Inspires and instructs students and pastors to use the Hebrew Bible appropriately in their preaching and teaching. Includes sample sermons and lessons.
Designed to engage the Hebrew text and reinforce patterns and principles of Hebrew grammar and syntax, this resource expertly guides intermediate Hebrew students. Answers to all questions are provided, and both a useful parsing guide and glossary are also included.
Handbook on the Prophets
Author: Robert B. Jr. Chisholm
Publisher: Baker Academic
The prophetic books of the Bible contain some of the most difficult passages in the entire Old Testament. Veteran professor Robert Chisholm guides readers through the important and often complex writings of Isaiah, Jeremiah, Lamentations, Ezekiel, Daniel, and the Minor Prophets, examining the content, structure, and theological message of each book. Rather than attempting to provide a detailed verse-by-verse commentary, this handbook focuses on the prevailing themes and central messages of the prophetic books. It considers how the message of the prophets would have been heard in their respective historical communities and considers the prophets' continuing importance for contemporary study. Now available in paperback.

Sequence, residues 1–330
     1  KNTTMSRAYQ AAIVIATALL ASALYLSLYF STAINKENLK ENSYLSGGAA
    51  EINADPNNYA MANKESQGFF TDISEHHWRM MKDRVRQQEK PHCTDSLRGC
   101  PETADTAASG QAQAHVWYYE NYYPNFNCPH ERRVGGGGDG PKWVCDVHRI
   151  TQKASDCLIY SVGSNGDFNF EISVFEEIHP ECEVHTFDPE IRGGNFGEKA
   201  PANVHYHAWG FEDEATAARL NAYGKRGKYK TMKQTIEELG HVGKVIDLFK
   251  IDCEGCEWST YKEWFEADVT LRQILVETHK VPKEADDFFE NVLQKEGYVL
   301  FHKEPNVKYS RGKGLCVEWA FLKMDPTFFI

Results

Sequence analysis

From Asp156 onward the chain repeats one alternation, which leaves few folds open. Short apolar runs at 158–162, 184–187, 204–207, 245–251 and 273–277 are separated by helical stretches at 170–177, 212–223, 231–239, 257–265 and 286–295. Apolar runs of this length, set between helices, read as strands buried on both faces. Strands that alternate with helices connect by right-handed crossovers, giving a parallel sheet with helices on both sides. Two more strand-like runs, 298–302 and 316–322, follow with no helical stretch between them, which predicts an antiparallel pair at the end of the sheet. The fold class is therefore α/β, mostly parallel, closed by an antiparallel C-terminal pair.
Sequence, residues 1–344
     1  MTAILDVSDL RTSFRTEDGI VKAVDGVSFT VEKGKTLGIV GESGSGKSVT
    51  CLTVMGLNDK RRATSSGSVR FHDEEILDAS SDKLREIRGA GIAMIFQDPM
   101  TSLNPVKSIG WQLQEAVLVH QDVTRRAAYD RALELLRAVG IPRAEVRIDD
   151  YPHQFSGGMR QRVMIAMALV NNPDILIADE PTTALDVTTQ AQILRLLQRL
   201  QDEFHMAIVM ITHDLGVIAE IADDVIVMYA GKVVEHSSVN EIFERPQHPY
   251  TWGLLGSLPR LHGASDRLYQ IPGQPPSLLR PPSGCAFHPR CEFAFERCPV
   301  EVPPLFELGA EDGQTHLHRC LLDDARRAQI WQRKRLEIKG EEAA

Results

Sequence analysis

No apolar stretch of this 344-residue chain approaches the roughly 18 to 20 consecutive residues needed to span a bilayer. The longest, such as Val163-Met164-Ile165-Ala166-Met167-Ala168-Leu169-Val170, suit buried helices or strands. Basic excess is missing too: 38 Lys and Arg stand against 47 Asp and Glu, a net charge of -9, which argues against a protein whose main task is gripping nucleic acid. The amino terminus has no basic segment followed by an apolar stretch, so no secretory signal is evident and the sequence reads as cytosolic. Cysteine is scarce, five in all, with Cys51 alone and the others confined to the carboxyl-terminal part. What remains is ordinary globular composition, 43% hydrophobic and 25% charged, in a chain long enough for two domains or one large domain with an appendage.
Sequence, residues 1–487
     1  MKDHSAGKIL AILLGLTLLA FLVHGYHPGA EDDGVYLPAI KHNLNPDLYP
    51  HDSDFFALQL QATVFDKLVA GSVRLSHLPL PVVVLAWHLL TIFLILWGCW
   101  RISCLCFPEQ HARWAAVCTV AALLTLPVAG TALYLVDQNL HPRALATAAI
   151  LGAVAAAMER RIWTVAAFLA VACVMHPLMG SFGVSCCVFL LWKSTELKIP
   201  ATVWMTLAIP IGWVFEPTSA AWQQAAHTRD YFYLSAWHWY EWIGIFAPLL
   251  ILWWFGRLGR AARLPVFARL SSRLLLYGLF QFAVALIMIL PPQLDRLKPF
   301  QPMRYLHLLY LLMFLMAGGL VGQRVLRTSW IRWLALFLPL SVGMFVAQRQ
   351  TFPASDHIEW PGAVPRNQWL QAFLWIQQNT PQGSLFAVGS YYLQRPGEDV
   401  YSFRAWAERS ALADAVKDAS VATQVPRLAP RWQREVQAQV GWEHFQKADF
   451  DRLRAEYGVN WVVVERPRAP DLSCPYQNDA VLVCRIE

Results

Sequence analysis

A Readable, Updated Introduction to Textual Criticism This accessibly written, practical introduction to Old Testament textual criticism helps students understand the discipline and begin thinking through complex issues for themselves. The authors combine proven expertise in the classroom with cutting-edge work in Hebrew textual studies. This successful classic (nearly 25,000 copies sold) has been thoroughly expanded and updated to account for the many changes in the field over the past twenty years. It includes examples, illustrations, an updated bibliography, and a textual commentary on the book of Ruth.
Author: W. Dennis Tucker
Publisher: Baylor University Press
This first volume in the Baylor Handbook on the Hebrew Bible series provides expert, comprehensive guidance in answering significant questions about the Hebrew text. While reflecting the latest advances in scholarship on Hebrew grammar and linguistics, the work utilizes a style that is lucid enough to serve as a useful agent for teaching and self-study.
Readings in Biblical Hebrew
Author: Ehud Ben Zvi, Maxine Hancock, Richard Beinert
Publisher: New Haven : Yale University Press
This text is aimed at students who have completed an introductory course in Hebrew in order to teach them to read and interpret biblical texts from the Old Testament/Hebrew Bible. The book includes topics for further thought and suggestions for further reading on specific issues.
Hebrew Bible Insert
Author: Frederic C. Putnam
This study surveys the structure, message, and theological themes of each of the twelve minor prophets.